This is not to say that we on this side of the Committee want to restrict unreasonably the powers or the Secretary of State. We well realise that, with the passage of time and with the coming into operation of the provisions of the Bill, circumstances may change. New factors may emerge which necessitate regulations being issued. Under the freedoms so eloquently enunciated by the Secretary of State the patterns of commercial and financial activities arc forever changing. We do not want to restrict him unreasonably but we should like a little more idea of exactly what he had in mind when this clause was put into the Bill.

Lord Strathclyde

The noble Lord, Lord Bruce, believes that any government who give themselves powers to change primary legislation by statutory instrument must be treated with the maximum of suspicion. I wonder whether any government could escape his disapproval on that basis.

Lord Bruce of Donington


Lord Strathclyde

The noble Lord shakes his head in agreement.

The power contained in Section 256 of the 1985 Act, on which this clause is based, has existed since the Companies Act 1948. This, and other powers to alter parts of the principal Act, have been re-enacted with amendments in 1976, 1980 and 1981. They are all powers to change primary legislation. Moreover, there are notable examples of powers to amend or extend primary legislation by regulations in other areas.

I readily agree that the present clause contains a slightly wider power than the corresponding provision of the 1985 Act. But the power is not unlimited. It is only a power to modify and, moreover, can be exercised only within the four corners of the primary legislation. The result of these limitations is that the power is confined to matters relating to the accounts of companies and their audit; it cannot be used to replace the original provisions with radically different provisions, nor to introduce completely extraneous subject matter.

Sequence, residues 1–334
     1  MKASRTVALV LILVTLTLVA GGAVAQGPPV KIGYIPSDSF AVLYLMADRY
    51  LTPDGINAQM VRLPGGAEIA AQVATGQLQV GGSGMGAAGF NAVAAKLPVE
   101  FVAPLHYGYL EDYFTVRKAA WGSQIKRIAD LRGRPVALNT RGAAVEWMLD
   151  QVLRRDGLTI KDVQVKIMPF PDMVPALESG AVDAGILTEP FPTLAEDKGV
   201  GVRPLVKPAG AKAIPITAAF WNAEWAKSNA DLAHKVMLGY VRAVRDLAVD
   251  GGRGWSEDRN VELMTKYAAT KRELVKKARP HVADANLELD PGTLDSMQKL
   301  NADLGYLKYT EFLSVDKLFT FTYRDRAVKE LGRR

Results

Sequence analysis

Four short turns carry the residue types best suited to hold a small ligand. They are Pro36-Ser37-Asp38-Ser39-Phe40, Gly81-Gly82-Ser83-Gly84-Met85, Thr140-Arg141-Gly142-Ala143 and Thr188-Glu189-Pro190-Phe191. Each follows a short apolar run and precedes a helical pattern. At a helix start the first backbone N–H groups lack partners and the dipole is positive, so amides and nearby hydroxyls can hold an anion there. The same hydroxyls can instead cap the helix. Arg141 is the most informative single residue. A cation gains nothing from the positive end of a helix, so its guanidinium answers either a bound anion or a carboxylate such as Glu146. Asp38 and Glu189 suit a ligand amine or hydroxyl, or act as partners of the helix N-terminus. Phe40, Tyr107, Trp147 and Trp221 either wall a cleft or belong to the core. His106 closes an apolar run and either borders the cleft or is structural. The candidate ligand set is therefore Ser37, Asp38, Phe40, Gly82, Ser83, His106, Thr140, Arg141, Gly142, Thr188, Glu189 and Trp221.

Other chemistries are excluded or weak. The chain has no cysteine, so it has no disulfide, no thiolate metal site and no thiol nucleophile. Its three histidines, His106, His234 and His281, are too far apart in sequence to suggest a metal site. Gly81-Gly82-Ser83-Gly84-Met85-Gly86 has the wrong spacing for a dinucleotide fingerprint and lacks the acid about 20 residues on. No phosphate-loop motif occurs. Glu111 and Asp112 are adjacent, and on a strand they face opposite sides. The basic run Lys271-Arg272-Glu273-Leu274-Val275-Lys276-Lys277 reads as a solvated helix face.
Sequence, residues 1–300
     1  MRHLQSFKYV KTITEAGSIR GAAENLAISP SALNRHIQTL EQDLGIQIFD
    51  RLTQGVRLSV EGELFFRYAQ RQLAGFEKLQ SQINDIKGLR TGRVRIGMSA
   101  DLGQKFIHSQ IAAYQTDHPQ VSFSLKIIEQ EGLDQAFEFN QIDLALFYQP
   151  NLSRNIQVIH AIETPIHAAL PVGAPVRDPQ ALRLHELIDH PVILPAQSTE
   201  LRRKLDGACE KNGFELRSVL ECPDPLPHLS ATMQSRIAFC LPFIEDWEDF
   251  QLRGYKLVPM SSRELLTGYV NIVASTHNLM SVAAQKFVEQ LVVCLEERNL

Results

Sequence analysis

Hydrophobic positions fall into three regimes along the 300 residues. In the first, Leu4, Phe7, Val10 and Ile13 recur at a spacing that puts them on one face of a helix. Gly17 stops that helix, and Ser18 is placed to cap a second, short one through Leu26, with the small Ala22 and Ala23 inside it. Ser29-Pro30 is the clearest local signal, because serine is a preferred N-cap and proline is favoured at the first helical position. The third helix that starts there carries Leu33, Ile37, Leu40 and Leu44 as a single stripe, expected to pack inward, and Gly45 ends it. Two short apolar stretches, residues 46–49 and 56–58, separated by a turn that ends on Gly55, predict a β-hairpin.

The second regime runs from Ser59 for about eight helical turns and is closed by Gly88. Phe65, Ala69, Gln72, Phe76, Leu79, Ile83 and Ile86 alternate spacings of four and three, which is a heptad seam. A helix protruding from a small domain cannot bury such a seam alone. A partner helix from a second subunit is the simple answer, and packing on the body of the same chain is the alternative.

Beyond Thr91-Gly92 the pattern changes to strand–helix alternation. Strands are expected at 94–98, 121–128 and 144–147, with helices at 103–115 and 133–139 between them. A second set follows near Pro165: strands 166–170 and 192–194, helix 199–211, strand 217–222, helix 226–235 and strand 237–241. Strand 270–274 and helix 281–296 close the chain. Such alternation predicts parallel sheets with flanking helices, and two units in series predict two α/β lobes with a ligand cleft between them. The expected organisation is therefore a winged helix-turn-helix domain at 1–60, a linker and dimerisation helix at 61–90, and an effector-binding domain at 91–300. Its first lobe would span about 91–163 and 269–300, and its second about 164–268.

We all have a deep respect for the primary legislative process and for the role which noble Lords play in creating it. But we need to be realistic. Technical legislation of the kind we are discussing is not about high principles: it is about detailed rules. Much of the substance of these rules lies in the precise way in which they are expressed. Much of the expertise in these areas lies outside the Government and indeed perhaps outside this Chamber. To secure the best possible legislation, therefore, it is highly desirable to circulate a text in good time for interested parties to study and comment on it. In the real world, and with the best will in the world, it is not usually easy to follow this prescription when producing primary legislation. I believe that that has been the experience of successive governments. However, it is much easier to circulate draft regulations in good time for comments to be received and the regulations to be amended, if necessary, before they are discussed in Parliament.

The noble Lord, Lord Bruce of Donington, asked me for some examples. As I said, this power is designed to enable the legislation to be kept up to date in a highly technical area. We hope that the Bill has got it right for the present, but we may on occasion need to change it. For example, we intend to use the power to assist in the implementation of the bank accounts directive which is due for implementation next year.